Cardiovascular diseases are the leading causes of death among women and men, mainly heart disease and strokes. Cancer is the second largest cause, with 8,000 deaths, accounting for 17% of deaths among women and 23% of deaths among men. Lung cancer is particularly prevalent, although rates of smoking have been dropping across the country. External causes, such as road accidents (particularly among men), and diseases of the digestive system are the next biggest contributors to mortality rates. Alcohol consumption is high, as is the suicide rate. TB is also still a problem in the country.
The state health insurance system is largely free at the point of delivery, and it covers a range of care, including:
- Primary care, such as visits to your GP
- Preventative health checks
- Emergency treatment
- Hospital care (you may need to pay for some tests)
- Maternity care
There are four rates of coverage for prescribed medication, including 100% for life-saving drugs, such as oncology products, and 80% for medication for chronic diseases. Some other drugs are covered at 50% and 90%.
Private healthcare in Lithuania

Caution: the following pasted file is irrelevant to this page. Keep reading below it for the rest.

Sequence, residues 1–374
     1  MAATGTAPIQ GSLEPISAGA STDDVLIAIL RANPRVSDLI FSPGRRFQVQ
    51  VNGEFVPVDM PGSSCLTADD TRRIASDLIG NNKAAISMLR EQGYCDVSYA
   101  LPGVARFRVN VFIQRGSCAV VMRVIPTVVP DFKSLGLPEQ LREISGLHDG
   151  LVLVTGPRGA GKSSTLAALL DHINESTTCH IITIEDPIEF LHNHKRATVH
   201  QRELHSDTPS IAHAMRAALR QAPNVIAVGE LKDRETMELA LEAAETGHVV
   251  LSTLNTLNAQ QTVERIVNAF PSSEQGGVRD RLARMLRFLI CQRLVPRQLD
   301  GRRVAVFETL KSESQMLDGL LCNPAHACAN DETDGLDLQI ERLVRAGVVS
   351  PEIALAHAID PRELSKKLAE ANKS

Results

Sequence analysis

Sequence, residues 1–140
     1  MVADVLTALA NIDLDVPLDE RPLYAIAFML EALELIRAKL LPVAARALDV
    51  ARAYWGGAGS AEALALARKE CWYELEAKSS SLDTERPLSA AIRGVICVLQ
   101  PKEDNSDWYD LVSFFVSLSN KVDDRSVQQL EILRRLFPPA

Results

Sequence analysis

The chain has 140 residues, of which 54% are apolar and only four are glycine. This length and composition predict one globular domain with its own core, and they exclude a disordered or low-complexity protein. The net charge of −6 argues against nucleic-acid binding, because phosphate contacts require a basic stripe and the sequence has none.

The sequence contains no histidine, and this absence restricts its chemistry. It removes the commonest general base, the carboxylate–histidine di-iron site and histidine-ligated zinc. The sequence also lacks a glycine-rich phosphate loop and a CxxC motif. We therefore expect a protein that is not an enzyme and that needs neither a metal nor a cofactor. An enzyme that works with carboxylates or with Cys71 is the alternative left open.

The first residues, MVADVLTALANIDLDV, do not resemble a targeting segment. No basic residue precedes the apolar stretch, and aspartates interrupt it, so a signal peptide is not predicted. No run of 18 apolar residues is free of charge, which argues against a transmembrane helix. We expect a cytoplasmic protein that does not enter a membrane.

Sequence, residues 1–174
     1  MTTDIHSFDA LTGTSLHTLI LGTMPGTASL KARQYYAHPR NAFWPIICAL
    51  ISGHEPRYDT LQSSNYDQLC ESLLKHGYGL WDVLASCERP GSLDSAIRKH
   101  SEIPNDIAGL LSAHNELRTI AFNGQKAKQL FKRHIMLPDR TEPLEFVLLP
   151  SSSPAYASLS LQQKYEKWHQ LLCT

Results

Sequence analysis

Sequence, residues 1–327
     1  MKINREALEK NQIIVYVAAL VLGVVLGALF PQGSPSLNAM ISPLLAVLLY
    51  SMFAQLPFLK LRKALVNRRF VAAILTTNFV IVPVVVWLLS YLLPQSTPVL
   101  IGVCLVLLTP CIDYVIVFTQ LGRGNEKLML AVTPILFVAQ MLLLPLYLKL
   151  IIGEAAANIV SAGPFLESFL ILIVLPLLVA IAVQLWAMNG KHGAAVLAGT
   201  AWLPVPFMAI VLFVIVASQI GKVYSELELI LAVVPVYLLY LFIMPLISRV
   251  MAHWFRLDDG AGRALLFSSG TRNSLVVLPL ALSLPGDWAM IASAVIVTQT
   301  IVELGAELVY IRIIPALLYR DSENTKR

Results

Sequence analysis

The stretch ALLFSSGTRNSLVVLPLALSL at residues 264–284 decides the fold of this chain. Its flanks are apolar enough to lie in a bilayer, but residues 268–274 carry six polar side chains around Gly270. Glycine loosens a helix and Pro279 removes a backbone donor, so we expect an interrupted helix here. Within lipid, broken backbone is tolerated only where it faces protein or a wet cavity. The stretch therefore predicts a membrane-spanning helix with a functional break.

Lithuania has a good reputation for all kinds of healthcare, especially cardiology and dental treatment, and this is reflected in its growing role as a destination for medical tourism. The private medical sector offers a high quality of care, combined with competitive prices – these can be as low as 25% of the costs in other countries. Dental implants, for instance, can cost in the region of €750, as opposed to almost €3K, which is how much they can cost in the UK.
Private health insurance can cover a range of primary and hospital care, in addition to elective cosmetic surgery, laser eye treatment and dental treatment. You may also want to consider a policy that includes medical evacuation. There is very limited private provision in Lithuania for inpatient care.